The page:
Last week at the AIMS Safety Seminar in Orlando, I had the pleasure of teaching the “Operational Leadership and Communication” course. If there is anything, in my mind, that goes together like peanut butter and jelly, it’s leadership and communication!
After going through a communication assessment to determine their strengths, everyone wrote down their biggest communication struggle and turned it in to me. Then as a group, we all brainstormed ways to over come that particular issue. It was a great opportunity to learn from everyone in the room.
Unfortunately, we didn’t have time to get to them all, and some students have already emailed me asking to address their particular trouble spots. If you were in the class, I am happy to do that for you, too. In the meantime, I thought I would use the blog to address some of the ones that many people seem to be struggling with.
Here we go!
Biggest communication struggle: Being patient with others’ opinions.
You are not alone! In class we talked about the fact that listening has more to do with an open mind than anything else. When we hear someone state an opinion that is different from ours, we have a few choices.
- Immediately launch into a rebuttal
- Think about what to say, then respond
- Say nothing at all
Too often, option 1 is taken and that rarely ends well. In order to make options 2 or 3 a reality, it takes patience, and what allows us to be patient more than anything else?
Thinking of things from the other person’s perspective. Since there are (at least) two sides to every story, first consider that yours might not be right, or at least it’s not the story that the other person believes.
Take a deep breath. Try to imagine where they care coming from. Put yourself in their shoes. Consider your previous impact on the situation. THEN, feel free to respond.
Biggest communication struggle: Being vocal
This came up a few times, and it doesn’t surprise me considering the class was full of leaders who are still developing their chops. Expressing your thoughts to your peers, employees or even management can be tough… there is a lot of fear that can encircle those situations.
- Fear of rejection – either the idea or you as a person
- Fear of sounding stupid – you’ll fumble your words and sound incompetent
- Fear of indifference – there will be no reaction, just awe-inspiring silence
These are legit, but can be overcome! Best way to do that? Just do it. Work up the gumption, plan what you are going to say and state your case. As a leader, you MUST have the confidence to state your position or vision. If you know of a better way, SAY IT!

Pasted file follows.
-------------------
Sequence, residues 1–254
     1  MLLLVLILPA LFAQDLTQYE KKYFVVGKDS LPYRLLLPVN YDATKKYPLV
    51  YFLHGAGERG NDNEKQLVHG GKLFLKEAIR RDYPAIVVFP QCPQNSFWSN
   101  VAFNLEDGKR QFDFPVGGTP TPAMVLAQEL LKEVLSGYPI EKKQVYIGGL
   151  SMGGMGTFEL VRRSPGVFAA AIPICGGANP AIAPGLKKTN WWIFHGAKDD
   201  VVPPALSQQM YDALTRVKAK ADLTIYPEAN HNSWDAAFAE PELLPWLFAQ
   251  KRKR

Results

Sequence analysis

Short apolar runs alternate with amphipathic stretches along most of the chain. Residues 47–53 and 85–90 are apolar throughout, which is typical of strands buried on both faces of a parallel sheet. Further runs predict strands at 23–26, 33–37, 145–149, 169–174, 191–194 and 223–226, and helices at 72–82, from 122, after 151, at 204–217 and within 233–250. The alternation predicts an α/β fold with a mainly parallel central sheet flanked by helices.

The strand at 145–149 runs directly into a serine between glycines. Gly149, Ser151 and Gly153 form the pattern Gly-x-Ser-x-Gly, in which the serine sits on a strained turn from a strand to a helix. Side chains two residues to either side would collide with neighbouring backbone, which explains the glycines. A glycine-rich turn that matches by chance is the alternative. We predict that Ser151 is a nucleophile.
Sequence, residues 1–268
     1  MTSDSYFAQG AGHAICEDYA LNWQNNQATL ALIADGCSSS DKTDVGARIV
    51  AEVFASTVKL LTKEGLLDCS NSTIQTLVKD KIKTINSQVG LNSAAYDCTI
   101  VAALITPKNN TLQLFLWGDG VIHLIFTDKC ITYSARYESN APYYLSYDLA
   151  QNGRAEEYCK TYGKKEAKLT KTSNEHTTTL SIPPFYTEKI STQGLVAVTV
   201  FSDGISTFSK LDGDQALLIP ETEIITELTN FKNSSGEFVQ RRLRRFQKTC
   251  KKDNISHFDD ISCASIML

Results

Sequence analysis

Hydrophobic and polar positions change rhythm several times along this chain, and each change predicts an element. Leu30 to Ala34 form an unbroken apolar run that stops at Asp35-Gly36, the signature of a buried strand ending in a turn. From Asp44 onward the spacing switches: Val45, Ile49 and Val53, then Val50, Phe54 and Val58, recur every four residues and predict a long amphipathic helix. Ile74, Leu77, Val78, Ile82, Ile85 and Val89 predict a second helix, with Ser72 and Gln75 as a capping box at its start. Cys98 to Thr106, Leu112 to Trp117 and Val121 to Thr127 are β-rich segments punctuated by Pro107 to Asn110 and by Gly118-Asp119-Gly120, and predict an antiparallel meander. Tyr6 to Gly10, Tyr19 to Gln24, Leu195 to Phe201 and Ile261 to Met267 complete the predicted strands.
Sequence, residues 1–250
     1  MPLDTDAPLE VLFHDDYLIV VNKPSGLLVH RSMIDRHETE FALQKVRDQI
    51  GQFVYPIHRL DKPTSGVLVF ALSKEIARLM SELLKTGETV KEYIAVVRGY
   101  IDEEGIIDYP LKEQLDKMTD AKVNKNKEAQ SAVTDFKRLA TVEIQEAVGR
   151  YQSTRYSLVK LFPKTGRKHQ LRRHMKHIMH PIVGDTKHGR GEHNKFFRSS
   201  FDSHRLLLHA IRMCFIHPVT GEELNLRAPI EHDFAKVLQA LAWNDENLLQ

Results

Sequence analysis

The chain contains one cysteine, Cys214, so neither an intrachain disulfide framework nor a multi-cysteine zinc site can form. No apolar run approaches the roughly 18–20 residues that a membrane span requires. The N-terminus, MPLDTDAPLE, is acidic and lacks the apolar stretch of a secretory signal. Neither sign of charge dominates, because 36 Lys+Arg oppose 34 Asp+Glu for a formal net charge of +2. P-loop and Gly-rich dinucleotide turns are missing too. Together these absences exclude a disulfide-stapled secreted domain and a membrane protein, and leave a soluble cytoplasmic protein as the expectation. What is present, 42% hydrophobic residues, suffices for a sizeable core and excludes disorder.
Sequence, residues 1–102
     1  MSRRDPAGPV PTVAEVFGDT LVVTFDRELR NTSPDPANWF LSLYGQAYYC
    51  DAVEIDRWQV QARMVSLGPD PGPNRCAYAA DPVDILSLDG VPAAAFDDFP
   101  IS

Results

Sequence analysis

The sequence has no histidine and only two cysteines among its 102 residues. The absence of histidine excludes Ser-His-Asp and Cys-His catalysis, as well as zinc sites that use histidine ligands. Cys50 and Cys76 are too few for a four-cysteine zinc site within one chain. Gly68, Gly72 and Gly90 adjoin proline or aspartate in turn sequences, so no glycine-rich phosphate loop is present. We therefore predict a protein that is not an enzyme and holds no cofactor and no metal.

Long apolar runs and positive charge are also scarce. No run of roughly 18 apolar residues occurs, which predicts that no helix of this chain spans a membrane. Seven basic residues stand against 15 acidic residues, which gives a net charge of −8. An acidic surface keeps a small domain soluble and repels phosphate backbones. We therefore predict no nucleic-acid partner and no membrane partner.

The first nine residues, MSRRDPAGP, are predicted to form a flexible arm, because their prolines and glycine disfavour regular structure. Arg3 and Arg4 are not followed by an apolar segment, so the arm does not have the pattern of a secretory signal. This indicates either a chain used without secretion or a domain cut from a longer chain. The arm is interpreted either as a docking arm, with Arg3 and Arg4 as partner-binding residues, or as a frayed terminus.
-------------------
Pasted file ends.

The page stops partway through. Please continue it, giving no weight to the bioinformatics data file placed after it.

One way to bolster your confidence to speak up is to do a trial run with some trusted allies. Let’s say you know the topic at the next manager meeting is going to be reducing guest complaints. You have sort of an out-of-the-box idea that you fear will get shunned if spoken aloud. Try it out on a few people one-on-one to gauge their reaction.
Also ask yourself, “what’s the worst that can happen?” If you won’t die or lose your job, you can handle just about anything else. And we always make it worse in our minds than it really is. PLUS, you may have the winning idea, the suggestion that saves the company from total ruin! You don’t want to hold that back, do you?
Biggest communication struggle: Expecting people to know what I am talking about.
Hello, McFly! We don’t all get it, get it? Seriously, this is something we all suffer from at one time or another. Why? Because we forget that other people can’t read our minds.
Think of all the knowledge that you have accumulated over the years. What are the chances that someone else has the exact same database of knowledge and information rolling around in their skull? Very slim. So, we can’t take our communication for granted.
I love it when I hear managers say, “he should really know that!”. Really? How? Do you know that he knows that? Do you know, beyond a shadow of a doubt, that they have the knowledge and context to reach the same conclusion? If not, get your specifics ready because that’s what it will take to avoid confusion.
If you have been with your company for a while, you know lots of stuff and jargon that a lot of new employees don’t know yet. You have the benefit of time and experience. They have someone getting frustrated with them because they don’t understand your abbreviations or nomenclature. Don’t blame them. Blame you for either not explaining it or assuming that someone else did.
I think this one goes along with being patient.
And we’re back.
There were a bunch more struggles that I will save for future posts. In the meantime, if you have questions about communication, leadership, or peanut butter and jelly sandwiches, my inbox is always open. Drop me a note anytime!
Thanks for reading!
What? You want to read more? Might I suggest: